This experiment demonstrated that any AI, if fed and educated with improper content, is ultimately going to develop improper behavior. How is that a revolution? Education works the same for humans: if one fails to properly educate his/her child, it is unlikely that the child will become a good person.
Is AI actually closer to human behavior than what we think?
In 2015, Strasbourg University hospital studied 17 000 anonymous breast cancers cases, in collaboration with a Big Data consulting company named Quantmetry. The developed AI clearly established a correlation between hyperthyroidism or type II diabetes and breast cancer, leading to a number of medical publications and recommendations, modifying the treatment protocol of women with breast cancer… Together with a 100% reliable method for avoiding dying from breast cancer: by becoming a heavy smoker (!). Indeed, heavy-smoking women in the study died from lung cancer before developing breast cancer…
This clearly shows that AI still needs to learn some common sense in order to challenge their own conclusions.
An entire paradigm shift.
AI is likely to introduce an entire paradigm shift in the computer science world.
Traditionally, software that may endanger people’s lives, like what is embedded in planes for example, is validated and proven using formal methods to check that it behaves as would be expected whatever situation occurs. This formal validation process is appropriate because such programs only have to cope with a finite number of situations.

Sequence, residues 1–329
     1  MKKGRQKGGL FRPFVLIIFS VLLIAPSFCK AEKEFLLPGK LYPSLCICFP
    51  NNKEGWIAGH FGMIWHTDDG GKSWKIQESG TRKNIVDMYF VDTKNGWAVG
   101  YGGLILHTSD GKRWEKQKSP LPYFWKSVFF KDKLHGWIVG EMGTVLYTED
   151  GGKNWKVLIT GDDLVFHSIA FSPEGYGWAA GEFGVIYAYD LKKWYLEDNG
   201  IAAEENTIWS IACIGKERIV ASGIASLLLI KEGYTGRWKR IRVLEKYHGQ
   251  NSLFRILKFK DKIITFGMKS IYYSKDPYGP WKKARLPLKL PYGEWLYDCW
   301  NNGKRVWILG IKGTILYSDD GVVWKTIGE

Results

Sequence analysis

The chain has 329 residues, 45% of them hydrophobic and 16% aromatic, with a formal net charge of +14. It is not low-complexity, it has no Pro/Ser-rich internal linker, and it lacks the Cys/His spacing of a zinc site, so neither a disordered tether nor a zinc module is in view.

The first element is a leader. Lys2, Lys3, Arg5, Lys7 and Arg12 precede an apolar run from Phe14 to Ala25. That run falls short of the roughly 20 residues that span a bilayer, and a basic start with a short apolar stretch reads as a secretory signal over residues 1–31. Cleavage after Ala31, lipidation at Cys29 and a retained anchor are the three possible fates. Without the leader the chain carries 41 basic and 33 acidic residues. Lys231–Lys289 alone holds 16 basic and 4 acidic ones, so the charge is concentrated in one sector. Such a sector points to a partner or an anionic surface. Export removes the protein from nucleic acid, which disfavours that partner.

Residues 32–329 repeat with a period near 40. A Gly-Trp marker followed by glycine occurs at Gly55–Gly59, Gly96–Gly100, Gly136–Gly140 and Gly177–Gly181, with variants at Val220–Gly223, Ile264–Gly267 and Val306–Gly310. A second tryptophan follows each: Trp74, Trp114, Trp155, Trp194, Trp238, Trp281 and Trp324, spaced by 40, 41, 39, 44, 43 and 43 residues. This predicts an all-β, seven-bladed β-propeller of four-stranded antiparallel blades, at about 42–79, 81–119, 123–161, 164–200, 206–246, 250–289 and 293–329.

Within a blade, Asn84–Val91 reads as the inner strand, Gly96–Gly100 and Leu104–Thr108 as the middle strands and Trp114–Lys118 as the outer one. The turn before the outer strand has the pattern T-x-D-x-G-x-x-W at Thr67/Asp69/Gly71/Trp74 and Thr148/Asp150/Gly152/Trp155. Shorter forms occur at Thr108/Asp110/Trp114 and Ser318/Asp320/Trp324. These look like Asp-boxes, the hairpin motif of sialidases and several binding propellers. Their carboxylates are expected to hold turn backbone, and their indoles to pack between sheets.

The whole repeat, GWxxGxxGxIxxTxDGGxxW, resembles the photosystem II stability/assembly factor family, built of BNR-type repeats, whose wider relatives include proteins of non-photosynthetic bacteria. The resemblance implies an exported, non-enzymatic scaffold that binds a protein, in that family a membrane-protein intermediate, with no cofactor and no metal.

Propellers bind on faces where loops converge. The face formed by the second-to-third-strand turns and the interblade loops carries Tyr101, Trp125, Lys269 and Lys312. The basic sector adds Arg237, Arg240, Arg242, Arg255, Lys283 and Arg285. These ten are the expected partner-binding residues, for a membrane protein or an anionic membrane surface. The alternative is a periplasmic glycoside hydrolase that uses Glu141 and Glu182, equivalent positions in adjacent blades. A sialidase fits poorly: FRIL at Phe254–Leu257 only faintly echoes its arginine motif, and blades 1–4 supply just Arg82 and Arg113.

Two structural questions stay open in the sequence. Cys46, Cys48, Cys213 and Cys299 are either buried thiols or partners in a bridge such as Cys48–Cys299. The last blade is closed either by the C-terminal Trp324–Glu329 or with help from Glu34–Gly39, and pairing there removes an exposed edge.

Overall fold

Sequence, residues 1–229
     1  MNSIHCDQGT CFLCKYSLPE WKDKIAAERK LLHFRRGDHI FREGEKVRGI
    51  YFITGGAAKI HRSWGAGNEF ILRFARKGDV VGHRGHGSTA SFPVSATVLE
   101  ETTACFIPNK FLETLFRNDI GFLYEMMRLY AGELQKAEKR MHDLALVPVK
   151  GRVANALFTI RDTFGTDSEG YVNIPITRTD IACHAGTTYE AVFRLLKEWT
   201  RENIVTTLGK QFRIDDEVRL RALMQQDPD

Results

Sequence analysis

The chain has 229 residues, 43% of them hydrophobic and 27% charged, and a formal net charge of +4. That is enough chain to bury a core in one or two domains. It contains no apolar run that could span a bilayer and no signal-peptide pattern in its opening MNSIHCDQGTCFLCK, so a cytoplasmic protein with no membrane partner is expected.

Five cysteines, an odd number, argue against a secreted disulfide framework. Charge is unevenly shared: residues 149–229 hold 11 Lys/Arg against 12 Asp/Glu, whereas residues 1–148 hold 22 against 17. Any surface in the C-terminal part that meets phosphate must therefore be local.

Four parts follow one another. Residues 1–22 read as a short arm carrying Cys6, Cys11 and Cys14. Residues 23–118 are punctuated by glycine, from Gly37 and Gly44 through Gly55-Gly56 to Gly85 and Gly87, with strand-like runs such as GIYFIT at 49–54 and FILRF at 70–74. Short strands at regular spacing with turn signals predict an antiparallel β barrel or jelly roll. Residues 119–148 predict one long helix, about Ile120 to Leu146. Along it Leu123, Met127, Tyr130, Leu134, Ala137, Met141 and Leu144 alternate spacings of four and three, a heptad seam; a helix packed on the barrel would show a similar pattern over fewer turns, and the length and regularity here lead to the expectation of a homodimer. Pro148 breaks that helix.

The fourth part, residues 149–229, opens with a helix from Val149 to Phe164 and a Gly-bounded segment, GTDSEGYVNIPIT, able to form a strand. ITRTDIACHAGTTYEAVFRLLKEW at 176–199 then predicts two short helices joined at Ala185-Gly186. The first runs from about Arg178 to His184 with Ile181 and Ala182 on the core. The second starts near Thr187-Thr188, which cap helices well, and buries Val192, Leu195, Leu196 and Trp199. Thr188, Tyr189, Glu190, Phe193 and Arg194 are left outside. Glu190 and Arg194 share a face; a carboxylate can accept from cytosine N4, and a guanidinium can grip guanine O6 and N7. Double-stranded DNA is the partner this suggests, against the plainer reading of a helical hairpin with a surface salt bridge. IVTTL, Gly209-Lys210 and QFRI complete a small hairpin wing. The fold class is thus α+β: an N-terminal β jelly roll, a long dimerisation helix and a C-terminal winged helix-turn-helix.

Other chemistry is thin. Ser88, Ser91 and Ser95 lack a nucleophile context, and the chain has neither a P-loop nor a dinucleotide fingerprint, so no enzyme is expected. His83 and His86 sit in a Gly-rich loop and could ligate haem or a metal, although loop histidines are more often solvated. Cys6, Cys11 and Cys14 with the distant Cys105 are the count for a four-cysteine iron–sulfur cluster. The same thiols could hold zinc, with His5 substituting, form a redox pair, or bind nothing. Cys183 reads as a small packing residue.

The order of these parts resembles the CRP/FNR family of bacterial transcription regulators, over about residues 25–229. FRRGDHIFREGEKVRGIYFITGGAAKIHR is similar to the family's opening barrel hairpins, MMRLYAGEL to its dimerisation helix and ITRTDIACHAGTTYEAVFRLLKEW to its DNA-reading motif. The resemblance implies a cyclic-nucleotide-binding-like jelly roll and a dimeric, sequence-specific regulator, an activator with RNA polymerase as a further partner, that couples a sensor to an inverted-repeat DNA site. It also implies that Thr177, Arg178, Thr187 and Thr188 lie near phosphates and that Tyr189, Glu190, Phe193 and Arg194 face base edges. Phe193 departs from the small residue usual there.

AI programs may behave as expected leading to unexpected results because of the AI “thinking” incorrectly, due to improper training / education, as shown by Microsoft Tay chatbot experiment.
Advanced research studies (for example from IBM and bias research in AI) brought us the concepts of unbiased AI. The idea is not only to validate the software, but also the information that the AI learns from, evaluating its potential bias in order to eventually minimize it.
Just to put things in perspective and provide some food for thought, a few years ago, the vast majority of people objected to Georges Orwell’s vision of the Internet of Things that was depicted in his novel, 1984.
Nowadays, with more 23 billion connected objects (mostly carried by humans, everyone being accustomed to having his/her habits being tracked by their mobile phones / wearables / smart things, his/her conversations listened to by Alexa, Google and Siri…), nobody fears “Big Brother” anymore.
AI development – similarly to what happened with IoT – will require some market shaping and education, to get industrial actors caught up with the technology and the possibilities it represents, and end-users familiar with its benefits, in order to achieve large acceptance without any fear.
Personally, I have still not decided whether I should fear AI or not. However, I am convinced by the potential of the technology, and fully aware of the fact that we have not (yet) explored and focused its potential, in particular on the ethical and legal fronts.
My faith in humanity leads me to think that we will only retain the best of AI, and forget its “terminator” dark side…
I would like to thank Jean-Eric Michallet who supported me in writing this series of articles, and Kate Margetts who took time to read and correct the articles.
By Philippe Wieczorek
Director of R&D and Innovation, Minalogic